23rd April 2019
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After four decades on the Mousa ferry run, Tom calls it a day

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Tom Jamieson could hardly have taken in just how big a part his pleasure-boat service to Mousa would play when he first started ferrying tourists to the isle in 1971.

Back then his little Shetland boat could carry a maximum of 10 passengers depending on the weather conditions. Nowadays his specially-built vessel, MV Solan IV, is capable of carrying 60 people on a busy day.

All of which could make the business a potentially attractive proposition for anyone looking to take over the service. That is exactly what Mr Jamieson hopes someone will do. After almost 40 years in the business, he is looking to sell up and retire.

Mr Jamieson, of Sandwick, took over the service from the late Peter Smith who died in early 1971. Since then he has taken up to 3,000 visitors a year to the island, many of who are drawn to see Mousa’s famous landmark – the broch – and spectacular wildlife.

The 69-year-old said the business has been doing particularly well over the last 10 years.

The former baker and fireman at Sumburgh Airport retired from full time work in 2000 and, since then, has devoted more time to his boat service.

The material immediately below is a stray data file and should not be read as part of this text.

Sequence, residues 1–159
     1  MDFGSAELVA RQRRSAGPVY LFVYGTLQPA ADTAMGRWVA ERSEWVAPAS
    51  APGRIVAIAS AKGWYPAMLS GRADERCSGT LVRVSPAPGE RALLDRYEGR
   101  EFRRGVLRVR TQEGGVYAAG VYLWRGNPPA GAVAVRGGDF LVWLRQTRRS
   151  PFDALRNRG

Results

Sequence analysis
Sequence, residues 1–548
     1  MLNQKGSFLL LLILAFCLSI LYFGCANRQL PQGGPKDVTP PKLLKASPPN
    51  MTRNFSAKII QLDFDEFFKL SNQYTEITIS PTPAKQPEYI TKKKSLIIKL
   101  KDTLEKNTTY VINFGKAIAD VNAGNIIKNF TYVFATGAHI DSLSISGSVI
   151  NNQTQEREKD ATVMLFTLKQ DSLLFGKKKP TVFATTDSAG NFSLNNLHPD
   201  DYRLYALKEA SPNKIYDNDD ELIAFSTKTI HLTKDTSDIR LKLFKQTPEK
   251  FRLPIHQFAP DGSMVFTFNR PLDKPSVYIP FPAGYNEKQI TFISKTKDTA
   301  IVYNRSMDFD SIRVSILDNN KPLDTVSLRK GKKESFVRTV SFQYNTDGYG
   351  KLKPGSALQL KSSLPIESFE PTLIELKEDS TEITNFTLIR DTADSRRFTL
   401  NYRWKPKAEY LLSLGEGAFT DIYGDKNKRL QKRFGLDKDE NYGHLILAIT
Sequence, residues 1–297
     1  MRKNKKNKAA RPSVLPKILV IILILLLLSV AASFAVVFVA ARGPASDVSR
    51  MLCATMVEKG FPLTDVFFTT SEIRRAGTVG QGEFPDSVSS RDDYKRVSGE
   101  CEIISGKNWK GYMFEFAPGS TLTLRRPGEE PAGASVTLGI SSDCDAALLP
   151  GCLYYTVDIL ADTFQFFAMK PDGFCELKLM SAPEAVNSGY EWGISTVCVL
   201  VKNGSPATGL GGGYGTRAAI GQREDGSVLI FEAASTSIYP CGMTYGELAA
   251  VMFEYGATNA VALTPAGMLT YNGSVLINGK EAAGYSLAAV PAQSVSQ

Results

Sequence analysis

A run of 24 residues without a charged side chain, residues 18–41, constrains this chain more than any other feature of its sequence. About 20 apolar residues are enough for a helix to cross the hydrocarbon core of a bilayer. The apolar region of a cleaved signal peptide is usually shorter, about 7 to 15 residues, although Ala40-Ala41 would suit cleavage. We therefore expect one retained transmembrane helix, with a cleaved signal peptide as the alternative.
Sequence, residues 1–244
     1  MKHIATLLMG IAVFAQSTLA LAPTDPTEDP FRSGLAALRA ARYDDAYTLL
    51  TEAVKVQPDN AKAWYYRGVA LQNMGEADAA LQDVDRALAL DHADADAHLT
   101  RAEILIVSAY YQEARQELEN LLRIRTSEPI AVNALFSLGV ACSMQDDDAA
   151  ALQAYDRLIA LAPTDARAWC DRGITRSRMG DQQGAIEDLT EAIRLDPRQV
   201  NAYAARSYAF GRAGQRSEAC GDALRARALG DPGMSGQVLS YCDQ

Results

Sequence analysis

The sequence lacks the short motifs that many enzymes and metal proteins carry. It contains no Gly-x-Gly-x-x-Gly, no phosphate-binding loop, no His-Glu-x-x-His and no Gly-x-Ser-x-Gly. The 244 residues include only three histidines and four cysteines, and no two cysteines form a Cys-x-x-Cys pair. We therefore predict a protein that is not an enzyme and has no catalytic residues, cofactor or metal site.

He said many Shetlanders, as well as visitors, enjoyed the trips. “There are quite a lot of Shetland folk that come across, as well as the tourists,” he said.

“We’ve been quite busy. I would say the broch is the main attraction, but there are also seals on the island and a lot of bird life.

“It started when I came to live at Liberton in Sandwick. The man before me [Mr Smith] was operating the boat then, and when he died I bought the boat from his widow.”

He said people were always “delighted” with the trip and always enjoyed the peace and quiet Mousa has to offer.

“There is the boat trip, plus a walk around the island. We give people a map. There’s a path marked on the island and they follow that around.”

An integral part of the operation has been Mr Jamieson’s wife, Cynthia, who has busily carried out all the bookwork for the business. “She has had a big part to play,” he said.

An average trip to Mousa, he said, should take around 10 minutes to complete.

However the trips have taken longer recently since the boat had to leave from Cunningsburgh instead of the Sandsayre pier, which is currently being restored to its original condition. Sandsayre is traditionally the starting point for trips to Mousa.

He admitted he would miss doing it, but was also looking forward to a bit of free time.

“We’ve worked every summer for a long, long time. We’ve always got our holidays later.

“It would be a splendid business for someone to take over. It’s only half a year’s work, and then you have another half a year to go and do some other job.”


About Ryan Taylor

Ryan Taylor has worked as a reporter since 1995, and has been at The Shetland Times since 2007, covering a wide variety of news topics. Before then he reported for other newspapers in the Highlands, where he was raised, and in Fife, where he began his career with DC Thomson. He also has experience in broadcast journalism with Grampian Television. He has lived in Shetland since 2002, where he harbours an unhealthy interest in old cars and motorbikes.

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